ARLA/CLUSTER: GPS versus Radar.

João Gonçalves Costa joao.a.costa
Quarta-Feira, 7 de Novembro de 2007 - 14:09:23 WET

Os pais de um jovem condutor norte-americano depois de sofrerem várias multas por excesso de velocidade praticadas pelo seu filho resolveram meter a policia em tribunal contentando o excesso de velocidade  no Radar com os dados contraditórios registados no seu GPS, solicitando que o tribunal ateste qual é o sistema com maior precisão. Independentemente desta questão, quantos radares usados pela policia e existentes nas estradas são devidamente calibrados e aferidos periodicamente..? Será que não poderemos usar um sistema de APRS para contestar as multas que nos são aplicadas...?

João Costa

GPS vs. radar accuracy
Stepdad is contesting a teen driver's speeding ticket.
By Lisa Leff

Associated Press

WINDSOR, Calif. - Given the option of contesting a traffic ticket, most motorists - 19 out of 20 by some estimates - would rather pay up than pit their word against a police officer's in court.
A retired sheriff's deputy nevertheless hopes to beat the long odds of the law by setting the performance of a police officer's radar gun against the accuracy of the GPS tracking device he installed in his teenage stepson's car.

The retired deputy, Roger Rude, readily admits his 17-year-old stepson, Shaun Malone, enjoys putting the pedal to the metal. That's why he and Shaun's mother insisted on installing a global positioning system that monitors the location and speed of the boy's Toyota Celica.

Malone complained bitterly about his electronic chaperone until it became his new best friend July 4, when he was pulled over and cited for going 62 miles per hour in a 45-m.p.h. zone.

Rude encouraged him to fight the ticket after the log he downloaded using software provided by the GPS unit's Colorado-based supplier showed Malone was going the speed limit within 100 feet of where a Petaluma officer clocked him speeding.

"I'm not trying to get a guilty kid off," Rude said. "I've always had faith in our justice system. I would like to see the truth prevail, and I would like Shaun to see that the system works."

Although traffic courts do not routinely accept GPS readouts as evidence of a vehicle's speed - and many GPS receivers aren't capable of keeping records anyway - some tech-savvy drivers around the world are starting to use the technology to challenge moving violations, according to anecdotal accounts from defense lawyers and law-enforcement officials.

This summer, for instance, an Australian farmer became a hero to speeders everywhere when he got a ticket dismissed after presenting police with data from his tracking device.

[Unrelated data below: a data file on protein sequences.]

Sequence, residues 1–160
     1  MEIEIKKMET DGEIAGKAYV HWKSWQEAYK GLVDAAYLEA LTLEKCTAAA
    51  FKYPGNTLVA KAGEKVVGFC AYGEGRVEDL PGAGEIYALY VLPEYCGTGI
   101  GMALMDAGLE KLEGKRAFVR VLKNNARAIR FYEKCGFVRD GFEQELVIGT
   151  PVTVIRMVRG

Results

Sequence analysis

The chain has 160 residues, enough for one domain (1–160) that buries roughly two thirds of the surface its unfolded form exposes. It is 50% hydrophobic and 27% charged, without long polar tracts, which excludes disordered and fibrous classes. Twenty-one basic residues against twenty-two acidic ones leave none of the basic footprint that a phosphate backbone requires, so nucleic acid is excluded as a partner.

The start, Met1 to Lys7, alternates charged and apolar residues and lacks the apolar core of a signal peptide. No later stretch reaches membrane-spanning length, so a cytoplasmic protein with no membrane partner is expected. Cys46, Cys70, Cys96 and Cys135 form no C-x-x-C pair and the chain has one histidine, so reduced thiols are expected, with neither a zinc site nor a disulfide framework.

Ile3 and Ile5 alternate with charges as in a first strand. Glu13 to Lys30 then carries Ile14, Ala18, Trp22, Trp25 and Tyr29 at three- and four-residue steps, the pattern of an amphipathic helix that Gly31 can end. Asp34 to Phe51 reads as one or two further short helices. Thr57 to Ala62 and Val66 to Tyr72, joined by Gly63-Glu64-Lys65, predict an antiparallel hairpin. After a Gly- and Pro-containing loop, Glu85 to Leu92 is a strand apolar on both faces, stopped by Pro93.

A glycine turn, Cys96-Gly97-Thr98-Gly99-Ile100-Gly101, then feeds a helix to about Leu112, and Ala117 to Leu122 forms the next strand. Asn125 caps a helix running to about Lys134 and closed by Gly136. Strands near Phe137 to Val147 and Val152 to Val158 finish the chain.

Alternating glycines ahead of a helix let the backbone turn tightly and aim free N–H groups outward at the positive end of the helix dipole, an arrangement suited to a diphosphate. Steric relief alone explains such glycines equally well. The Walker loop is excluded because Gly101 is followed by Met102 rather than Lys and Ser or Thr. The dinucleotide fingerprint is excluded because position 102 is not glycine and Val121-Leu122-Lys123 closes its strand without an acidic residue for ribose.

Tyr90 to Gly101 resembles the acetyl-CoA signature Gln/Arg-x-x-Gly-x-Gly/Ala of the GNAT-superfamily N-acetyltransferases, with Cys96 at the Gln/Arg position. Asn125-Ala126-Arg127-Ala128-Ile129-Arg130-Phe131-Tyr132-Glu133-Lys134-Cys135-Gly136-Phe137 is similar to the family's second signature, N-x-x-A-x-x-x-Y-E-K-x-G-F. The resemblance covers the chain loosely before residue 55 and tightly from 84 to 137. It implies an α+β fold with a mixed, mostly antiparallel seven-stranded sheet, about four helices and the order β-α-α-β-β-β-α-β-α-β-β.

While winning a case this way is far from a sure thing, GPS-generated evidence could at least inject an element of doubt into typically one-sided proceedings, said Jim Baxter, president of the National Motorists Association.

A Sonoma County traffic commissioner is expected to rule early this month whether to dismiss Malone's ticket based on Rude's written argument that the motorcycle officer's radar gun was either improperly calibrated or thrown off by another speeding car.

"Radar is a pretty good tool, but it's not an infallible tool," said Rude, who spent 31 years in law enforcement. "With the GPS tracker, there is no doubt about it. There is no human interference."

Rude plans to offer scientific data and experts if his challenge doesn't succeed right away.

Petaluma police Lt. John Edwards said he could not discuss Malone's case, but disputed Rude's contention that GPS is more accurate than a speed gun.

"GPS works on satellite signals, so you have a delay of some type," Edwards said. "Is it a couple-second delay? A 30-second delay? Because in that time, people can speed up, slow down."

The device in Malone's car, originally designed for trucking companies, rental-car agencies, and other businesses with fleets, sends a signal every 30 seconds that records his whereabouts and travel speed.

His parents signed up to be automatically notified by e-mail whenever he exceeded 70 m.p.h., and the one time he did, he lost his driving privileges for 10 days.

Rude said he was talking about the ticket - Malone has tried to stay out of it - to encourage other parents to keep tabs on their teenage drivers using GPS. He said he has had to tell too many parents that their child was killed in a wreck.

David W. Brown, a Monterey lawyer and author of Fight Your Ticket in California, said attacking the reliability of radar guns does not usually get speeders very far, especially if they are unwilling to devote extra time and money to hiring legal experts.

Still, among people who do challenge tickets, the proportion who triumph is relatively large, he said. Their technique? Betting the officer who cited them will be unable to make it to court.

"Statistically, when people do prevail," Brown said, "that is the most common method."

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